Trump deflects gun violence, compares London to ‘war zone’
US PRESIDENT Donald Trump has described London as "like a war zone" while simultaneously advocating for the US right to bear arms at the National Rifle Association (NRA) convention in Texas.
Describing a hospital in the British capital, the president told the crowd of gun enthusiasts in Dallas that knife crime in the area has become prolific.
"A once very prestigious hospital right in the middle is like a war zone for horrible stabbing wounds.
"They don't have guns - they have knives. They say it's as bad as a military war zone hospital. Knives, knives, knives."
The president also declared that the right to bear arms in the US was "under siege", however, he assured the tens of thousands of attendees that they had an administration in Washington that was "fighting to protect your Second Amendment".
He pledged to the cheering crowd that those rights "will never, ever be under siege as long as I'm your president". Trump did not elaborate on how the Second Amendment was under siege.
The president was addressing the NRA gathering nearly three months after a deadly shooting at a high school in Parkland, Florida. He was speaking at the event for the fourth year in a row.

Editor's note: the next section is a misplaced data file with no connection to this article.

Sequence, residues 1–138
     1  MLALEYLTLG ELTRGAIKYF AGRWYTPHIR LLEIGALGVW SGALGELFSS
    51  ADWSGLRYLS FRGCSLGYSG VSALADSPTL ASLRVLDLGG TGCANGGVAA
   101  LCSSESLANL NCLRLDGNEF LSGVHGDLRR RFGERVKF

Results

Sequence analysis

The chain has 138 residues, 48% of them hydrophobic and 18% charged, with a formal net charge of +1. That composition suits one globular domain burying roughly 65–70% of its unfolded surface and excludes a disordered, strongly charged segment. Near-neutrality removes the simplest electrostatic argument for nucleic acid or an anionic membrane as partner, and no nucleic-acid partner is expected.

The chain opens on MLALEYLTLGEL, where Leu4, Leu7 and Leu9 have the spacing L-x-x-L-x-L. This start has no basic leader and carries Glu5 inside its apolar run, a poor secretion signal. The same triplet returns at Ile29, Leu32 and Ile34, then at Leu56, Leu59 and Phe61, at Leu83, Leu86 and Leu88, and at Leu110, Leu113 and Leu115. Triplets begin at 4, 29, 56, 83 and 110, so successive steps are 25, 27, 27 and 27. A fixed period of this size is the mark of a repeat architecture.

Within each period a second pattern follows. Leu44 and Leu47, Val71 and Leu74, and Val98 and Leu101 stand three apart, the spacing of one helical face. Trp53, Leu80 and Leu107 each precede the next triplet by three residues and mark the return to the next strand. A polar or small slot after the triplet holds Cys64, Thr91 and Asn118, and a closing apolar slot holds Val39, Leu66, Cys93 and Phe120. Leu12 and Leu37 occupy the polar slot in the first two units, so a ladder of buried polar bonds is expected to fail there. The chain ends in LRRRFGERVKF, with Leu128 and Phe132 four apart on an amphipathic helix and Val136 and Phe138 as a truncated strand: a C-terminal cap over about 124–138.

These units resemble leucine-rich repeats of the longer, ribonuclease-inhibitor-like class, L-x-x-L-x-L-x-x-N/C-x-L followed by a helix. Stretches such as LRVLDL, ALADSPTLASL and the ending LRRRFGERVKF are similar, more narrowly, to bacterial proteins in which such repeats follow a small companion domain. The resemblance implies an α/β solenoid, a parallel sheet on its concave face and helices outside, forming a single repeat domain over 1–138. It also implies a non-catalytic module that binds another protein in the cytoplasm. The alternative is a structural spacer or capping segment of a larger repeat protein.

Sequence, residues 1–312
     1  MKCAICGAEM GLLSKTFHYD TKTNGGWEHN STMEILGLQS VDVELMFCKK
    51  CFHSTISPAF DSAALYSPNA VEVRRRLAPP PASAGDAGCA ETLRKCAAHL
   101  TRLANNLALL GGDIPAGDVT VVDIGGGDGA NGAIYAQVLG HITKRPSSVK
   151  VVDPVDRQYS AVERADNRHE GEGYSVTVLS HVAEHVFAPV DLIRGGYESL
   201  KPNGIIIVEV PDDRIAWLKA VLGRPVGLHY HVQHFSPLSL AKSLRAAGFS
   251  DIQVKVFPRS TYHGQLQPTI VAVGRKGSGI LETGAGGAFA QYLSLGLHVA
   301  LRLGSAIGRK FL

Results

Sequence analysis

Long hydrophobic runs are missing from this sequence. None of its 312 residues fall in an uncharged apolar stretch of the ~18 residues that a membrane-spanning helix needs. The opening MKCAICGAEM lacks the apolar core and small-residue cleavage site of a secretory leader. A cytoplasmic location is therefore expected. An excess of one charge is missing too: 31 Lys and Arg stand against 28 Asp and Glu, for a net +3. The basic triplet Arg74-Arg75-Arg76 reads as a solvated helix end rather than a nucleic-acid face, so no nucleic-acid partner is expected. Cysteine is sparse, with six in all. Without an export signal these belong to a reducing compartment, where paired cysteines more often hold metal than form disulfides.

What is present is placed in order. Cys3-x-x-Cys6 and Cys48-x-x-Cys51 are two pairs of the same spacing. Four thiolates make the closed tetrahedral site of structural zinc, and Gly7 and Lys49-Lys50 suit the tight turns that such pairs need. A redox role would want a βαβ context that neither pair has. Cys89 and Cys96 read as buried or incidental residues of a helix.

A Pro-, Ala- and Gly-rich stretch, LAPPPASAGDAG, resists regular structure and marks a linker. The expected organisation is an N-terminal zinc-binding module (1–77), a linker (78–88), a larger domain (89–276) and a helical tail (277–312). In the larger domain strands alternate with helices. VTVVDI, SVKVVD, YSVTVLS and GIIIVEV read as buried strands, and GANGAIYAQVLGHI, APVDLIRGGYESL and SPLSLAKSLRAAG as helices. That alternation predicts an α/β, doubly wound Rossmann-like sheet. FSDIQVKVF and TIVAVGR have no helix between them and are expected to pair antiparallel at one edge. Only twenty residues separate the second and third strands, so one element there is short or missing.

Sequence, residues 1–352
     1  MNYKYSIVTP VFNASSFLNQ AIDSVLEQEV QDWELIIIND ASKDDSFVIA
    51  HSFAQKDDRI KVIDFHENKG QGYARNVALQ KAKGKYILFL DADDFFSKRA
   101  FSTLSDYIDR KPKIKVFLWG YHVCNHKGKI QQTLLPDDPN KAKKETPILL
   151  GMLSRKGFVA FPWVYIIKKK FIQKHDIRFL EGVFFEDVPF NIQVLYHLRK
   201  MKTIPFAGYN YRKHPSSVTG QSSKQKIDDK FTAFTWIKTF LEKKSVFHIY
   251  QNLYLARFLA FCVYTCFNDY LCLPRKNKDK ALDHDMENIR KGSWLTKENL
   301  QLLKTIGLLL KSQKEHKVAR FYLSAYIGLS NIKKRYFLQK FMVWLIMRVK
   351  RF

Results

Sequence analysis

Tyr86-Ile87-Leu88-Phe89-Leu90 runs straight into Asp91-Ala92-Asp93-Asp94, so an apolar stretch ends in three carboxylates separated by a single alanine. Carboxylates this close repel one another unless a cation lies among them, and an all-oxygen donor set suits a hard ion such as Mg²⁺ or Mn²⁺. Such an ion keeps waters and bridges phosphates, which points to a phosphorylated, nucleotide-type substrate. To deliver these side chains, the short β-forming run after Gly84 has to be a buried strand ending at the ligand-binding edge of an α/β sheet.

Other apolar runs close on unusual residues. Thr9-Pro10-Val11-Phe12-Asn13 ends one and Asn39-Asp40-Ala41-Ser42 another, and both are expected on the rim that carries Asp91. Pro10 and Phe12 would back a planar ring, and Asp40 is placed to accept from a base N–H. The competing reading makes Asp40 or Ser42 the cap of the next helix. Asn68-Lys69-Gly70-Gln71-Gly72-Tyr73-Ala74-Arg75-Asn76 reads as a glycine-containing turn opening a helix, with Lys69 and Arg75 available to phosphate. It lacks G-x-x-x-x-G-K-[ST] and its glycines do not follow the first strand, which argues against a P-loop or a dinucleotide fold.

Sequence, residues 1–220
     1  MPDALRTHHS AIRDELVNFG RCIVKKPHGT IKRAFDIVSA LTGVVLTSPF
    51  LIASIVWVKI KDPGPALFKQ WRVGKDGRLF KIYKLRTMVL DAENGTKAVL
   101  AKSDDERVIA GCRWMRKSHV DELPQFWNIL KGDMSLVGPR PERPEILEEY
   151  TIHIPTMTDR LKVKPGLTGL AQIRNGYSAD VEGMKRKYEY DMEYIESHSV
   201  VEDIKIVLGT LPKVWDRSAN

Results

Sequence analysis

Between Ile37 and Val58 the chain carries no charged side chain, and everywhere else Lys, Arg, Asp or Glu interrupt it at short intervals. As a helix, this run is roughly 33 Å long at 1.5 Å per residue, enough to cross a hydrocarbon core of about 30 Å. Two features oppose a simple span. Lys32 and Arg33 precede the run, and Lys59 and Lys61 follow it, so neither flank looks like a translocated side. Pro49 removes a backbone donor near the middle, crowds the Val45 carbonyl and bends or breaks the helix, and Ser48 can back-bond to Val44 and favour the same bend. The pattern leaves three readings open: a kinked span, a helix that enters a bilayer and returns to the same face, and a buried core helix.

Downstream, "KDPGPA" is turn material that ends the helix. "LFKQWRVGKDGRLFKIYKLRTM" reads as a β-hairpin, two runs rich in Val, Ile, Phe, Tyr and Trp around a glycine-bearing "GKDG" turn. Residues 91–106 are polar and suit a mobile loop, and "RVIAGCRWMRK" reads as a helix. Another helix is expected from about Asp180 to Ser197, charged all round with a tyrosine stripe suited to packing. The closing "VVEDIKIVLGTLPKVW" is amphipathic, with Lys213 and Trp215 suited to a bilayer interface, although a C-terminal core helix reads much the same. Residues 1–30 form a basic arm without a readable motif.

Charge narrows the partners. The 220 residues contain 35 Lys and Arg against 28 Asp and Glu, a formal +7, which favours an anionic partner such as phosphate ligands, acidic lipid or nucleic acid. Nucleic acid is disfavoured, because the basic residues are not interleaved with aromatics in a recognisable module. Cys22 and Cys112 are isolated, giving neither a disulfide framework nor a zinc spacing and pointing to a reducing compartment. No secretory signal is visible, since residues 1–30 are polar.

He temporarily strayed from the group's strong opposition to tougher gun controls after the school shooting - only to rapidly return to the fold.
Last year, he became the first sitting president to appear in more than 30 years, declaring that the "assault" on the Second Amendment had ended. But this year's speech in Dallas came as the issue of gun violence takes on new urgency after one of the deadliest school shootings in US history.
Survivors of the February 14 shooting at Marjory Stoneman Douglas High School that left 17 people dead are leading a massive national gun control movement.
Several groups have announced plans to protest over the weekend during the NRA event. The protesters will include parents of those killed in Parkland and other shootings.
The survivors' campaign has not led to major changes from the White House or the Republican-led Congress but Trump did briefly declare he would stand up to the powerful gun lobby.
He later back-pedalled, expressing support for modest changes to the background check system, as well as arming teachers.
His attendance at this year's NRA convention was announced just days ago and came after Vice President Mike Pence was already scheduled to appear.
Asked why Trump was attending, given political tensions around gun violence, White House press secretary Sarah Huckabee Sanders said this week that safety was a "big priority".
"We also support the Second Amendment, and strongly support it, and don't see there to be a problem with speaking at the National Rifle Association's meeting," she said.
Trump has long enjoyed strong backing from the NRA, which spent about US$30 million ($40 million) supporting his presidential campaign.
- With AP